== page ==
After 4.5 hours of debate, the House unanimously passed COVID #3/H.R. 748, the Coronavirus Aid, Relief, and Economic Security Act (CARES Act) by voice vote.
Moments ago, President Trump signed H.R.748 into law, Public Law No: 116-136.
The provisions included in the CARES Act are as follows:
$150 billion for State and Local Governments
- Not included in any previous iteration, this money would create a Coronavirus Relief fund for state, local, and tribal governments to deal with anticipated budget shortfalls due to expenses for responding to the virus, and a decline in tax revenue.
$130 billion for Hospitals and the Healthcare System
- Democrats secured an additional $55 billion towards their “Marshall Plan” for the healthcare system, a priority for Senate Minority Leader Chuck Schumer (D-NY). This money would go to hospitals, Medicare and Medicaid enrolled providers, and not-for-profit entities, among others, combating the virus to cover increasing costs as the number of cases soars.
$16 billion to Replenish the Strategic National Stockpile
- These funds, which are included in the $130 billion for the health system, would replenish national stockpile supplies of pharmaceuticals, personal protective equipment, and other medical supplies to be distributed around the country to hospitals and healthcare entities facing shortages.
$260 billion for Expanding Unemployment Insurance benefits
- A sticking point for Democrats, they were able to secure 4 months of increased unemployment benefits offered through existing state-based unemployment systems.
$45 billion for FEMA’s Disaster Relief Fund
- This money would provide financial assistance to state and local governments, as well as private nonprofits providing critical and essential services.
$30 billion in Emergency Education Funding
- This money would provide emergency support to school systems and higher education institutions to help them remain functional and effective in remote learning.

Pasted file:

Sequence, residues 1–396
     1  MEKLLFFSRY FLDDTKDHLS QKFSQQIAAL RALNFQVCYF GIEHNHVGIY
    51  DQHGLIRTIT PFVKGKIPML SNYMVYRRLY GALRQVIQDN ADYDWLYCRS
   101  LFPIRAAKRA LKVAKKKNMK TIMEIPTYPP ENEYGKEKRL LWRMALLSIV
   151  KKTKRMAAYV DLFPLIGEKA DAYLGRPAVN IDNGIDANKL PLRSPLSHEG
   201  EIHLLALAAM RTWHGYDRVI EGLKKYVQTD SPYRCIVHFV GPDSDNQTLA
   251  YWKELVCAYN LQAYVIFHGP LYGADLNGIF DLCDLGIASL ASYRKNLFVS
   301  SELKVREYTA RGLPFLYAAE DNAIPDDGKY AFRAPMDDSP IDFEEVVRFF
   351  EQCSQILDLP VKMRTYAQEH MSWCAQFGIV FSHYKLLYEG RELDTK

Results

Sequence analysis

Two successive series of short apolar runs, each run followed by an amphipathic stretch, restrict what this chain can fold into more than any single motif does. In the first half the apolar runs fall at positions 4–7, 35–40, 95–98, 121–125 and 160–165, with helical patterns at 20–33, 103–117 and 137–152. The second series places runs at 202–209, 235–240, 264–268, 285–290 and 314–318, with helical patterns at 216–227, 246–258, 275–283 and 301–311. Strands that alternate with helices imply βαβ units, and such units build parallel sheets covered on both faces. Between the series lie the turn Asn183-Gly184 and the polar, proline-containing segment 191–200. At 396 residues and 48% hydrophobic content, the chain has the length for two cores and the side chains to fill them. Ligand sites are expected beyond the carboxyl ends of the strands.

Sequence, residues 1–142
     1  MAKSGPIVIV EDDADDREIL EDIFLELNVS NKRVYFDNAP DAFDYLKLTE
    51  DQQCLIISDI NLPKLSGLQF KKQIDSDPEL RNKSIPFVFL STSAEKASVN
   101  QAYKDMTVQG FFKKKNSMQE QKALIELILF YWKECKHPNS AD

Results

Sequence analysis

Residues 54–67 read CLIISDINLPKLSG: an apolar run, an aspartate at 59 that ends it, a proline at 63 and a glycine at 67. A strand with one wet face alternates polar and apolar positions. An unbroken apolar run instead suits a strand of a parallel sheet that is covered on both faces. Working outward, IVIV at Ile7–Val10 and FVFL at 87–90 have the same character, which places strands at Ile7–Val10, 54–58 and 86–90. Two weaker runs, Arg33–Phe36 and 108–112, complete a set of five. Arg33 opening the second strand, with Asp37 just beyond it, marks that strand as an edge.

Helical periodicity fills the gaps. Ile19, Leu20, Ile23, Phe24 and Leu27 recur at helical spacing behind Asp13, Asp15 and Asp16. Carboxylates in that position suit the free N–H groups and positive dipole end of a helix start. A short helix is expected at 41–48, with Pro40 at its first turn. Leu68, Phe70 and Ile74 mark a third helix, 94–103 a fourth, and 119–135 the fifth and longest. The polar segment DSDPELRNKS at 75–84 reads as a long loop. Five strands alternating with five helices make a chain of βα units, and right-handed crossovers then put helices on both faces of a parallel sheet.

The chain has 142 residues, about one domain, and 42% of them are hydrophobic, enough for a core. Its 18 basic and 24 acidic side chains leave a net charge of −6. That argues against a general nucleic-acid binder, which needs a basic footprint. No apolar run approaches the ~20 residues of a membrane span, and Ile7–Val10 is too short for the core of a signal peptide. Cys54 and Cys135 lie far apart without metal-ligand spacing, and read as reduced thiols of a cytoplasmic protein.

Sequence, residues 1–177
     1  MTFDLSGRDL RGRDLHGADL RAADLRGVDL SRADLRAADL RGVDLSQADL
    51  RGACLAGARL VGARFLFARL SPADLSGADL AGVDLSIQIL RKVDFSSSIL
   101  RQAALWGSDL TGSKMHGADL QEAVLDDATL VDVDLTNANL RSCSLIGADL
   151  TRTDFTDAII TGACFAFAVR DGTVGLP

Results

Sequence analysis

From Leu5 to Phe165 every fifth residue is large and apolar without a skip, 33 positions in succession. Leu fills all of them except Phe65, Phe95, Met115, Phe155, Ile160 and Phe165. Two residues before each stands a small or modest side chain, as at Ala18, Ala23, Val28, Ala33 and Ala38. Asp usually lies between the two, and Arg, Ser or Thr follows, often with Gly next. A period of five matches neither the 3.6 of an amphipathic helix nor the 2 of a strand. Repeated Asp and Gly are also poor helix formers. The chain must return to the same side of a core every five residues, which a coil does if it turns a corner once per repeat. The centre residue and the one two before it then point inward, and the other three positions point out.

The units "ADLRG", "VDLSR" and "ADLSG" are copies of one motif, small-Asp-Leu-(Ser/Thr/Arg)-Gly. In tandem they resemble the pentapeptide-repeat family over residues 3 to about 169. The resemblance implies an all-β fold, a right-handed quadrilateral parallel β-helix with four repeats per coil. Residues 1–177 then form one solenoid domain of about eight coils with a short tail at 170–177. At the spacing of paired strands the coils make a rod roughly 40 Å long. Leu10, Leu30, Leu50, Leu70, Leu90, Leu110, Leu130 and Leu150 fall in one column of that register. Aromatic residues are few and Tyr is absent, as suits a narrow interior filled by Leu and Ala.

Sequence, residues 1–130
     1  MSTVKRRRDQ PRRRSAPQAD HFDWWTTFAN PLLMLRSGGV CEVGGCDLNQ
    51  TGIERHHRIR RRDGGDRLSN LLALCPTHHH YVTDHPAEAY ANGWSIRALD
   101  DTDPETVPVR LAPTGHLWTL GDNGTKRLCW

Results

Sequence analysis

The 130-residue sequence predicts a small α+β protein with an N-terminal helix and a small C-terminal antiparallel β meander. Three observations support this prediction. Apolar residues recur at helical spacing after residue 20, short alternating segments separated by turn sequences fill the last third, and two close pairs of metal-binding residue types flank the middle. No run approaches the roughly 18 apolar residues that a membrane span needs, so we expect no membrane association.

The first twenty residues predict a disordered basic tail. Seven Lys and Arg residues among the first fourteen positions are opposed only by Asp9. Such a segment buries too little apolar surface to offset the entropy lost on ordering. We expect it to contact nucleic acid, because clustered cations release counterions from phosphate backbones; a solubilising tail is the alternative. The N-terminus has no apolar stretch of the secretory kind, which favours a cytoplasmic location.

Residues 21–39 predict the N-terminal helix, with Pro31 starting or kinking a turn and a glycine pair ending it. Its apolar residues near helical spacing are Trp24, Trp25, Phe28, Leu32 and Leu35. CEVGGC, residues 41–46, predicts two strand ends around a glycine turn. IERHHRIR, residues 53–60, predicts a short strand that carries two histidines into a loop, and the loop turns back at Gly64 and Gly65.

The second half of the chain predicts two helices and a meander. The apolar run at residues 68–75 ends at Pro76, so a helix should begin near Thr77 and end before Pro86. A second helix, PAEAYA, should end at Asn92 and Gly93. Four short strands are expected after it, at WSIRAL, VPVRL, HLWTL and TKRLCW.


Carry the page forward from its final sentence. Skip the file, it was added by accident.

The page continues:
- This bill also would eliminate income tax on student loan repayment assistance by an employer.
Tweaks to Loan Program Administered through the Exchange Stabilization Fund (ESF)
- Democrats secured direct payroll payments to the airline industry, which will keep airline workers paid and prevent layoffs.
- Required real-time public reporting of all actions taken by Treasury to administer the fund.
- Prohibition on businesses controlled by the President, Vice President, Members of Congress, and heads of Executive Departments getting loans or investments from Treasury programs like the ESF.
Small Business Loans
- $377 billion, up from $349, is allocated in small business loans for the use of maintaining payroll, providing paid leave, rent and mortgage payments, and utility payments. Loans remain capped at $10 million and would be completely forgiven if they are used for the permitted items previously listed. Democrats secured two additional provisions for small business listed below:
- $10 billion for SBA emergency grants of up to $10,000 to provide immediate relief for small business operating costs.
- $17 billion for SBA to cover 6 months of payments for small businesses with existing SBA loans.
One-time Tax Rebates
- Direct payments, starting at $1200 for individuals, $2400 for joint filers, and $500 for children, would be made to all taxpayers who meet the income eligibility thresholds. Eligibility is capped at $100,000 for individuals, $200,000 for joint filers, and the rebate check value starts to phase out income above $75,000 for individuals and $150,000 for joint filers. Lower-income households would get the same $1200 credit regardless of tax liability, and rebates will be based on 2019 tax returns if those have been filed.
Enhanced Unemployment Insurance
- Increased funding for state-based unemployment insurance systems would offer an additional $600 in benefits a week for 16 weeks, up from 12, for those who lose jobs as a result of the outbreak. The updated bill also includes an additional 13 weeks of available benefits following the exhaustion of state unemployment compensation.
- A growing section of COVID #3, these appropriations include:
- $150 billion for state and local governments
- $130 billion for hospitals, the healthcare system and public health
- $45 billion for FEMA’s Disaster Relief Fund
- $30 billion in emergency education funding
- $25 billion in emergency funding for public transit agencies
- $10 billion for the Indian Health Services
Now that the CARES Act has been signed into law, conversations about a fourth COVID bill are on hold.